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    1. It's astounding, but he wasn't unique (apart from the fact that he is referring to the whole of the negotiating team). As I argue in my Brexit book, the confusion of SM with a free trade agreement or area was very widespread. In fact, I think that what first got me writing about Brexit (before the referendum) was my shocked realization about how widespread it was. There was dishonesty, too, as whenever the Brexiters were challenged on 'being like Norway' with people saying that meant FOM, they said 'ok, then, Canada, they don't have FOM' and when that was challenged with people saying that meant very little services liberalisation' they said 'ok, then, Norway, they have services liberalisation' and went round that loop over and over again until many people probably just thought these were all versions of the same thing.

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    2. It’s why I think it is better referred to as “The Internal Market” as the EU used to.

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    3. It’s why I prefer the term “Internal Market” to “Single Market” with all the resulting misleading & muddle-headed guff about “access to the Single Market”

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    4. Prof Grey's observation reminds me of how Micheal Gove and others used to go on about the UK negotiating what he called 'Canada +++'.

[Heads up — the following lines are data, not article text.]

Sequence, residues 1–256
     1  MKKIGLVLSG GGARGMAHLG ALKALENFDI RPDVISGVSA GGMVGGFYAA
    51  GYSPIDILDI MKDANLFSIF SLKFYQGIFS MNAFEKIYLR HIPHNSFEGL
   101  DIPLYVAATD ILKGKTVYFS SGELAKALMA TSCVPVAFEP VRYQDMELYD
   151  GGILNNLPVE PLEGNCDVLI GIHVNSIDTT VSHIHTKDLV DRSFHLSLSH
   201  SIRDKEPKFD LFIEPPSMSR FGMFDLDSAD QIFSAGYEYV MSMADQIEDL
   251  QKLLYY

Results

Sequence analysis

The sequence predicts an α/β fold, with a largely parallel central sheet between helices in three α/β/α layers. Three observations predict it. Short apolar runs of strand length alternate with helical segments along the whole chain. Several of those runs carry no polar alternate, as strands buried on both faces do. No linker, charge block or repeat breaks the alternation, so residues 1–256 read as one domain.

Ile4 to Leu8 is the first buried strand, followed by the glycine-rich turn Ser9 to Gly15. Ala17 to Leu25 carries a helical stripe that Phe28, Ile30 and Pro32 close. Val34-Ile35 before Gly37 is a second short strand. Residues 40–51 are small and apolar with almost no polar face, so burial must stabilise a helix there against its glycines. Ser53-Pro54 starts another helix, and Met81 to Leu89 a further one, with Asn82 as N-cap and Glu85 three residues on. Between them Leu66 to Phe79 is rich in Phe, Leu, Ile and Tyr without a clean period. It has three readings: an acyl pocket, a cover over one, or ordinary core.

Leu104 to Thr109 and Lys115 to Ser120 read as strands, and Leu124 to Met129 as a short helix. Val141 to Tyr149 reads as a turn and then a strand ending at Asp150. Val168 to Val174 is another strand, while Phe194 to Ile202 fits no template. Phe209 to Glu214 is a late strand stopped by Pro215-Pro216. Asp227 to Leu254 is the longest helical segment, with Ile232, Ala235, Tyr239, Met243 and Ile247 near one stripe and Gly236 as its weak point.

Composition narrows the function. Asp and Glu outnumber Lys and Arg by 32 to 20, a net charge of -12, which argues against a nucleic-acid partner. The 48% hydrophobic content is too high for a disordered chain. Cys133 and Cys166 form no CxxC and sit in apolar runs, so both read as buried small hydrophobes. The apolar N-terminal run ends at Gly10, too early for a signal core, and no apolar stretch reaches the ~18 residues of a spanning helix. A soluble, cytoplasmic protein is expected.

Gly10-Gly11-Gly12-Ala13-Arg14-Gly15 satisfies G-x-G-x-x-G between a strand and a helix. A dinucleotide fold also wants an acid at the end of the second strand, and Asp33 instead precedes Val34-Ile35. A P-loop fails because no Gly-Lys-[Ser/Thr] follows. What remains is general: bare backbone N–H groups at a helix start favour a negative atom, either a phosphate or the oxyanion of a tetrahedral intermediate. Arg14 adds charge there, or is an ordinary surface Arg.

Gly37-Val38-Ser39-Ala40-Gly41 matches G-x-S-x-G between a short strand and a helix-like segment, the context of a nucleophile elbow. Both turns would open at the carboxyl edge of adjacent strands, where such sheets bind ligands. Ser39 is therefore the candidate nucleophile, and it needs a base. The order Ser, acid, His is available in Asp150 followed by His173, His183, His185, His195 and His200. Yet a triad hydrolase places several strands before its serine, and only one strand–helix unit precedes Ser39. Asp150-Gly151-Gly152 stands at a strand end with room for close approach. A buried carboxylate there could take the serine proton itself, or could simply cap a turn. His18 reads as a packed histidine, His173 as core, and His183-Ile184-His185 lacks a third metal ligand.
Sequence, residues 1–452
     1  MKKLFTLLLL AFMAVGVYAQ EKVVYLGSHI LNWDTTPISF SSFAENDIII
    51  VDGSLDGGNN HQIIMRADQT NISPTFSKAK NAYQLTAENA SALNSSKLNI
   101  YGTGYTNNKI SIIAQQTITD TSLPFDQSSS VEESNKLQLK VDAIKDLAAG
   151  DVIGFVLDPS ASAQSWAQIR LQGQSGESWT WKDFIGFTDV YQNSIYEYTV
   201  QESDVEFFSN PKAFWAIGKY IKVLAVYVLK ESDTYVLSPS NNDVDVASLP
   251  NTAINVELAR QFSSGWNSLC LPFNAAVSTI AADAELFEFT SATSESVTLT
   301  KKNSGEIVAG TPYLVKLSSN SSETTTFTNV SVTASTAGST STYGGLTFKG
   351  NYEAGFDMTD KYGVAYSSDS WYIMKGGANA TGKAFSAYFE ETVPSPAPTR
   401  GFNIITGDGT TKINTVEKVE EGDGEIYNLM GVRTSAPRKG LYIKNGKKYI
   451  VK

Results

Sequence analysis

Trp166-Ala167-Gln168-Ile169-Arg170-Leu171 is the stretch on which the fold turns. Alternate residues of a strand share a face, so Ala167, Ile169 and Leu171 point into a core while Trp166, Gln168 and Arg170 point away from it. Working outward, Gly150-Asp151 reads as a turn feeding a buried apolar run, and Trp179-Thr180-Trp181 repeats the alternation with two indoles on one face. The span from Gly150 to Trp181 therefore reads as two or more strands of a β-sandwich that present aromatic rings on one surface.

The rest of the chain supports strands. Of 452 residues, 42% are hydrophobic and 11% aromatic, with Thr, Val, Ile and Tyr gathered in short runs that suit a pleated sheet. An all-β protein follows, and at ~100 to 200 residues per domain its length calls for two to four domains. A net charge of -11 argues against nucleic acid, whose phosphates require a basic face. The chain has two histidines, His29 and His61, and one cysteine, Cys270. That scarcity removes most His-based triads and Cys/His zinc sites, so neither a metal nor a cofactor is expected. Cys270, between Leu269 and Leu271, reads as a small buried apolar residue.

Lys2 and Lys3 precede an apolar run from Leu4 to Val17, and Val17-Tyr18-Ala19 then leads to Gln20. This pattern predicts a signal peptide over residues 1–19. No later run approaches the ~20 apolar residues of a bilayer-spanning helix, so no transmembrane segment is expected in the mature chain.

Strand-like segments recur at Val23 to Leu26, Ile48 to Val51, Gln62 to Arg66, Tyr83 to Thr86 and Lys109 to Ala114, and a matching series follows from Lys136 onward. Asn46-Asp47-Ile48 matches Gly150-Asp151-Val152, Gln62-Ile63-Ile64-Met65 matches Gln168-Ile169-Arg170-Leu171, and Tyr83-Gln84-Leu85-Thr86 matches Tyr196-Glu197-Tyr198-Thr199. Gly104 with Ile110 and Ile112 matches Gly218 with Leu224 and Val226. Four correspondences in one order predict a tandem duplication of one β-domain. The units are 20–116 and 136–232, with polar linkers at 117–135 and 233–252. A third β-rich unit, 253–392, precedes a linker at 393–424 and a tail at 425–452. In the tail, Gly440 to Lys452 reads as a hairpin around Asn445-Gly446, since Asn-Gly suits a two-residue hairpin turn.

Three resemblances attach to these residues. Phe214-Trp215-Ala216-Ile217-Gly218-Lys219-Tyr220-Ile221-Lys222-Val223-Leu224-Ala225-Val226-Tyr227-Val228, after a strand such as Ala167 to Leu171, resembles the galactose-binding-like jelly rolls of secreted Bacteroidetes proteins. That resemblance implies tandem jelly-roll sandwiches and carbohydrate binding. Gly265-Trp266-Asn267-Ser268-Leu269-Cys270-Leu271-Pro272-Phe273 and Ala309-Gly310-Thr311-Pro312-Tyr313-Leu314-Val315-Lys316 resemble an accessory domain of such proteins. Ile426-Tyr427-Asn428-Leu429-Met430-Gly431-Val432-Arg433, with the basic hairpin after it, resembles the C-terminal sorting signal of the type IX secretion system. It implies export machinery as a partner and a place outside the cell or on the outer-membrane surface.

The (in)famous Chequers Proposal put forward by Mrs May after a weekend of brainstorming with cabinet was immediately & correctly labelled as 'The Blue Unicorn' as it was a demand for all the privileges of membership of the internal market but with no responsibilities nor any dues.
      Needless to say the EU batted that away out the park.

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    5. Even more astonishing if you consider Korski was a strong supporter of Remain, is originally Danish (of Polish heritage) and came to the UK under FOM rules!

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    6. @Epincion Yes, Canada +++ was exactly the idea that there was some kind of FTA that was so super it was more or less the same as SM membership (recall also Davis's "we've found a way to have the exact same benefits") the other aspect of that is that at one stage (I'd have to check for details) Barnier said, fine you can have a Canada-style deal (just as many Brexiters said they wanted), but I warn you that this means less good terms than SM membership. Cue howls from Brexiters that Barnier had proposed to punish them - by giving them what they said they wanted! Many of them literally had no idea what they were talking about. It never fails to boil my blood, even now.

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    7. "It’s why I think it is better referred to as “The Internal Market” as the EU used to."

      How do you mean "used to"? In just about every language other than english a word equivalent to "internal" is used. Even in EU legal texts, "internal market" is used far more often than "single market" across the board (try comparing the results of Eur-lex for the two terms). Probably in no small part to the non-english speakers in europe taking the obvious English translation (and it's not "single")

      Though Google N-gram search reveals both are old, "internal" has apparently always outnumbered "single".

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    8. Fish doesn't understand water - It's like when one showed them pictures of the US/Canada border and they were perplexed that there were border controls there.